Most enduring in that aura is the archetype of the American small town―Grover’s Corners (Our Town), Bedford Falls (It’s a Wonderful Life), or Mark Twain’s Hannibal, Missouri―a place where

 neighbors greeted neighbors in the quiet of summer twilight, where children chased fireflies.  And porch swings provided easy refuge from the cares of the day.  The movie house showed cartoons on Saturday.  The grocery store delivered.  And there was one teacher who always knew you had that special something.

 The passage comes from a Disney sales brochure for a $2.5 billion project called Celebration, creating the idealized small town outside Disney World in Florida.13  The fact that we all share similar “memories” of the generic small town derives less from personal experience than from Disney parks, Currier and Ives paintings, and Norman Rockwell’s covers for the Saturday Evening Post, injecting the images into our virtual world.  As life becomes ever more abstract and depersonalized in a narcissistic, consumerist, global economy, the appeal of those ideal images can only intensify―in part because they harbor a core truth.

 We have become a culture of longing, pining for the gods who went underground, for the connections of family and myth-sustaining institutions.  Deep within the malignancy of modern individualism is a longing to restore some larger context, some meaningful end for runaway means.  As a species, we stand alone at the leading edge, isolated by evolution, fallen from innocence.  Stripped of the sacred, of consensus, of community, we are all outsiders. 

 “The longest distance between two places,” said Tennessee Williams, “is time.”  Those faraway places are black-and-white stills, grainy images of defining moments―my grandmother standing in front of her house, waving her last goodbye; our children at play in eternal summer, before their metamorphic fall into time and truth.  It is not the past as such that haunts us but the sad suspicion that we might have lived it better, that I might have seen my father’s burdens or attended more to the hopes and dreams of the girl who took my hand at a crossroads long ago. 

 In the restaurant, I scrutinize my childhood friend for some trace of our world before the fall.  But the distance is too great, the metamorphosis too complete.  In the end, we are alone with our private ghosts―the song my grandmother sang, the sound of my father’s laugh, nights of eternal youth on warm, sandy beaches.  And that electrifying moment, a lifetime ago, when I met the girl in the dark blue dress, her voice as warm as the light in her deep brown eyes.  And always the children―our first-born in a fresh ironed shirt for his first day of school; the shiny new fire truck he pedaled so proudly, rusting away in a shed; the bedtime music box, buried in a basement drawer.  The wisps of remembrance flicker in a mist like old home movies, sad yet soothing―mystic chords of memory, echoing down the corridors of time, flooding the cathedral of the mind.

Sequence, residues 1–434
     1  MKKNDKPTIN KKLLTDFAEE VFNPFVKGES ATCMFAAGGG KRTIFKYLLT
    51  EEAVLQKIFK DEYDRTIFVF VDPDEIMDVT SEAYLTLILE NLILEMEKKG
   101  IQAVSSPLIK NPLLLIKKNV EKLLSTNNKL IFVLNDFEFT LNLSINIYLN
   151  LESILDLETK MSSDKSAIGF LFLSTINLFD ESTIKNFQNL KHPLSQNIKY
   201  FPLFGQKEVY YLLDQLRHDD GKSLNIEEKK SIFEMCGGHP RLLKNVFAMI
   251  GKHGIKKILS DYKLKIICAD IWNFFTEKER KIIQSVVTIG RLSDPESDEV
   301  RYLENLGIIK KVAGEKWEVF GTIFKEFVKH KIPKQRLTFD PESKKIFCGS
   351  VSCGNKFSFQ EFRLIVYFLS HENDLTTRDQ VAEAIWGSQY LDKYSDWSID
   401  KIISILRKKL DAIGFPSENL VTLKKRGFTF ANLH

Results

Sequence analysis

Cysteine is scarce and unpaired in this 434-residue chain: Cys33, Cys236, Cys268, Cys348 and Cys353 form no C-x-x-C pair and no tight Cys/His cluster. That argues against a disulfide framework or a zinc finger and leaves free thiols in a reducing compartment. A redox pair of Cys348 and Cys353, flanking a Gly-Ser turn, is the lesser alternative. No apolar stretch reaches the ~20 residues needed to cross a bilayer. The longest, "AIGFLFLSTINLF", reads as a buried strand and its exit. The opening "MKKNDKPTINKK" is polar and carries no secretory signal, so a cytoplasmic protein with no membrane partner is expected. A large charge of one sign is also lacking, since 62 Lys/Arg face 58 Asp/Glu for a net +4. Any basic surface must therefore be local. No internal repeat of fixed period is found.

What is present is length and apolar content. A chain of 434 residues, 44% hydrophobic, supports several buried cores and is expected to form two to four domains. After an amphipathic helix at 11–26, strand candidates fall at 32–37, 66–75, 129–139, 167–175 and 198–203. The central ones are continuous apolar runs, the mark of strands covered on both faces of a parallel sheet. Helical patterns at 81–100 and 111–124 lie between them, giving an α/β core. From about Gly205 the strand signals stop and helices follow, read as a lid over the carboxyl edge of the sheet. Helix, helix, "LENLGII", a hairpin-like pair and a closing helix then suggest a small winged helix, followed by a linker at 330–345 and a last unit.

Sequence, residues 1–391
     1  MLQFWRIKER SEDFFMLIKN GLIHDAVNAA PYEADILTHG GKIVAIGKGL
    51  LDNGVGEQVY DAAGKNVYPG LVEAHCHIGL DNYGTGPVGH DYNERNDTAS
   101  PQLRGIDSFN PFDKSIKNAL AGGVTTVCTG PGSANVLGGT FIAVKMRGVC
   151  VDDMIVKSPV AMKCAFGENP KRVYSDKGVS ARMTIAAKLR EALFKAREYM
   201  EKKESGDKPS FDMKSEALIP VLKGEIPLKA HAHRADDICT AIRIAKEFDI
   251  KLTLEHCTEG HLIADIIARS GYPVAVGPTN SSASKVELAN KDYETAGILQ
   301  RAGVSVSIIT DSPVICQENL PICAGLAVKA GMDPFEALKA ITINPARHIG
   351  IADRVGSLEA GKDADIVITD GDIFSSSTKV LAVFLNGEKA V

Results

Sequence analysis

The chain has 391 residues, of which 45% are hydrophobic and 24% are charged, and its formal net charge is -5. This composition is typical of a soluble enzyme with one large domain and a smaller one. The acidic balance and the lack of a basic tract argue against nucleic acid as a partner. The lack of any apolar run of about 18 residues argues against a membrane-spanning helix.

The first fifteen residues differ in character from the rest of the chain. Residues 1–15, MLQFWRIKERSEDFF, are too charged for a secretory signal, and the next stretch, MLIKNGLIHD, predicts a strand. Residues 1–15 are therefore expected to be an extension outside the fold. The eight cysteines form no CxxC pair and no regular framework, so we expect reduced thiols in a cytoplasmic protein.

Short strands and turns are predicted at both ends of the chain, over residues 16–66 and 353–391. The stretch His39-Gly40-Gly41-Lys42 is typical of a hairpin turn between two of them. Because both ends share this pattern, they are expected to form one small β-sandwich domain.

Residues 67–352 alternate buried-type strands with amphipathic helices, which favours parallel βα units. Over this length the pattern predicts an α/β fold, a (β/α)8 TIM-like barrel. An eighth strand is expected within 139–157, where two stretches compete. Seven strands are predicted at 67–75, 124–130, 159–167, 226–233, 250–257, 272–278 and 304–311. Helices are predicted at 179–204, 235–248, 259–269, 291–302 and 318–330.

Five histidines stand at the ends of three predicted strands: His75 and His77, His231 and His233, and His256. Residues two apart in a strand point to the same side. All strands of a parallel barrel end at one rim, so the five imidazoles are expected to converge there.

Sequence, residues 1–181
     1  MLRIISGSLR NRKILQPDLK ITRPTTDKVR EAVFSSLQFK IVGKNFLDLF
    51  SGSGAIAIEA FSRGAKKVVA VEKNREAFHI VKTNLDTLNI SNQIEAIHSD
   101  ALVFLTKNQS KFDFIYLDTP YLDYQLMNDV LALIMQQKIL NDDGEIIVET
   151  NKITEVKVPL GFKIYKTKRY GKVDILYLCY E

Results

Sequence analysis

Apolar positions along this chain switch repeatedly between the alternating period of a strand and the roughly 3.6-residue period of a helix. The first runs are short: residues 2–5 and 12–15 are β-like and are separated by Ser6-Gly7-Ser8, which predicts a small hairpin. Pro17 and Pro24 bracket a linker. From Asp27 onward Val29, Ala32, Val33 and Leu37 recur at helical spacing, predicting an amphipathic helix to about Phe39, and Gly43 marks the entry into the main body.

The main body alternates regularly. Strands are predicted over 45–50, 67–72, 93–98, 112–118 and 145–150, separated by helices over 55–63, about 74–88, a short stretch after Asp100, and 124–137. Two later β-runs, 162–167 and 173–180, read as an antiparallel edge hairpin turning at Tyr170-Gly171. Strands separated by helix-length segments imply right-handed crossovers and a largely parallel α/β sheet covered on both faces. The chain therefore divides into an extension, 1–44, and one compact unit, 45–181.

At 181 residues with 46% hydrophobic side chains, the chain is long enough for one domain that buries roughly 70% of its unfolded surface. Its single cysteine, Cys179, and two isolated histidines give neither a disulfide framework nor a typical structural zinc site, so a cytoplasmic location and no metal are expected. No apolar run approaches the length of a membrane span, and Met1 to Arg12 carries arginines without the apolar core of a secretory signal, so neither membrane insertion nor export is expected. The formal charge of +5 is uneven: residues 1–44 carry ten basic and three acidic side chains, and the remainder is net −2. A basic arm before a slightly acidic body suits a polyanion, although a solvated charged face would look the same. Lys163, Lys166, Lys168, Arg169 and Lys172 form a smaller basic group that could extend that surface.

Memory always plays to music.



1.   Fred Davis, Yearning for Yesterday: A Sociology of Nostalgia (New York: The Free Press, 1979), pp. 14, 49, 57, 59; Janelle Wilson, Nostalgia: Sanctuary of Meaning (Lewisburg, Penn.: Bucknell University Press, 2005), p. 127; Frank White, The Overview Effect: Space Exploration and Human Evolution (Boston: Houghton Mifflin, 1987).

2.  Studies confirming the positive effects of nostalgia have proliferated over the last two decades.  See, for example, Constantine Sedikides, et al., “Nostalgia as Enabler of Self Continuity,” in Fabio Sani (ed.), Self Continuity: Individual and Collective Perspectives (New York: Psychology Press, 2008), pp. 227-42; Anne Wilson and Michael Ross, “The Identity Function of Autobiographical Memory: Time Is on Our Side,” Memory 11 (March 2003): 137-49; Angelina Sutin and Richard Robins, “Going Forward By Drawing from the Past: Personal Strivings, Personally Meaningful Memories, and Personality Traits,” Journal of Personality 76 (June 2008): 631-64; and Clay Routledge, et al., “The Past Makes the Present Meaningful: Nostalgia as an Existential Resource,” Journal of Personality and Social Psychology 101 (September 2011): 638-52.

3.   James Phillips, “Distance, Absence, and Nostalgia,” in Don Ihde and Hugh J. Silverman, eds., Descriptions, Albany: SUNY Press, 1985, p. 73; Ralph Harper, Nostalgia: An Existential Exploration of Longing and Fulfilment in the Modern Age (Cleveland, Ohio: The Press of Western Reserve University, 1966), pp. 29, 100, 120.

4.   Milton L. Miller, Nostalgia: A Psychoanalytic Study of Marcel Proust (Boston: Houghton Mifflin, Associated Faculty Press, 1956), p. 106; T. S. Eliot, “Little Gidding,” in Four Quartets (New York: Harcourt Brace Jovanovich, 1971), p. 59.

5.   The far reaches of Jungian analysis, while intuitively compelling, can have a certain heuristic ring.  At the other end of the spectrum, experimental psychology seems less than compelling, offering tautologies and common-sense observations camouflaged in heavy jargon.  In most cases, people are too complex for simple questionnaires and single variables.  Until we know vastly more about the brain, a black box will remain between subjective experience and any attempt to objectively explain it.

6.   James Hollis, The Eden Project: In Search of the Magical Other (Toronto: Inner City Books, 1998), pp. 36-37, 50.